Federal court overturns Texas polling-place dress code
September 30, 2021
Houston; September 30, 2021: Today, a federal court struck down two Texas laws forcing voters to surrender their freedom of expression when they vote. Those laws criminalized “electioneering” in or near a polling place, which the state defined as wearing apparel related to any past, present, or future candidate, political party, or ballot measure. The laws gave thousands of election workers across the state unbridled discretion to confront any voter wearing a t-shirt, hat, or button that they deemed “electioneering.”
“This is an important win for Texans’ free speech rights,” said PLF attorney Wen Fa. “The First Amendment protects an individual’s right to express beliefs, regardless of whether others agree with those beliefs. An individual’s right to self-expression does not end at the polling place.”
In October 2018, an election judge gave Jillian Ostrewich an ultimatum: Turn her “Houston Firefighters” shirt inside out or stay out of the polling place. Believing that the Texas voting laws violated her constitutional rights, Ostrewich filed a lawsuit challenging the state’s polling-place dress code.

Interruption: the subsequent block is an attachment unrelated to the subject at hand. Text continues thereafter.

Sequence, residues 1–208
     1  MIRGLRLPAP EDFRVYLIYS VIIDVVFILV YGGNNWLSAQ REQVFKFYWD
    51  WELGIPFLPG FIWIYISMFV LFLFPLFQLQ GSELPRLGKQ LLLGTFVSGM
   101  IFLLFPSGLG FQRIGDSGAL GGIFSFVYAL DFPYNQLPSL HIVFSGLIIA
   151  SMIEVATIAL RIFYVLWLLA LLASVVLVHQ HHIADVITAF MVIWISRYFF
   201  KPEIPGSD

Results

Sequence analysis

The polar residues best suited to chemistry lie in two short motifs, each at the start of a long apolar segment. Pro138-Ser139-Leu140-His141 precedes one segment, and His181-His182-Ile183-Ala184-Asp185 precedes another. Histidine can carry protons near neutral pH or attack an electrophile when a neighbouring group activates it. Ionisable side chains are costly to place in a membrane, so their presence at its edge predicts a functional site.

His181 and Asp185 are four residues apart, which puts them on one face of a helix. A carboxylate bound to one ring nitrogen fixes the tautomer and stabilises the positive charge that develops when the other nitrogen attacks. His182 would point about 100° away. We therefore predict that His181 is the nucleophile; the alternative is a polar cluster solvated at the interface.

“I’m pleased with the Court’s opinion, which strengthens the free speech rights of voters in Texas.” said Ostrewich. “It is just a T-shirt. The government should have no business dictating what I wear when I go to vote.”
The court upheld a narrower statute, intended to apply to poll worker name badges, that prohibits badges or insignia related to candidates, parties, and measures on the ballot. The unconstitutional statutes contained no such limitation, giving election workers discretion to censor any voter apparel they deemed electioneering.
PLF represents Jillian Ostrewich free of charge in Ostrewich v. Hudspeth.
Pacific Legal Foundation is a national nonprofit legal organization that defends Americans threatened by government overreach and abuse. Since our founding in 1973, we challenge the government when it violates individual liberty and constitutional rights. With active cases in 34 states plus Washington, D.C., PLF represents clients in state and federal courts, with 17 wins of 19 cases litigated at the U.S. Supreme Court.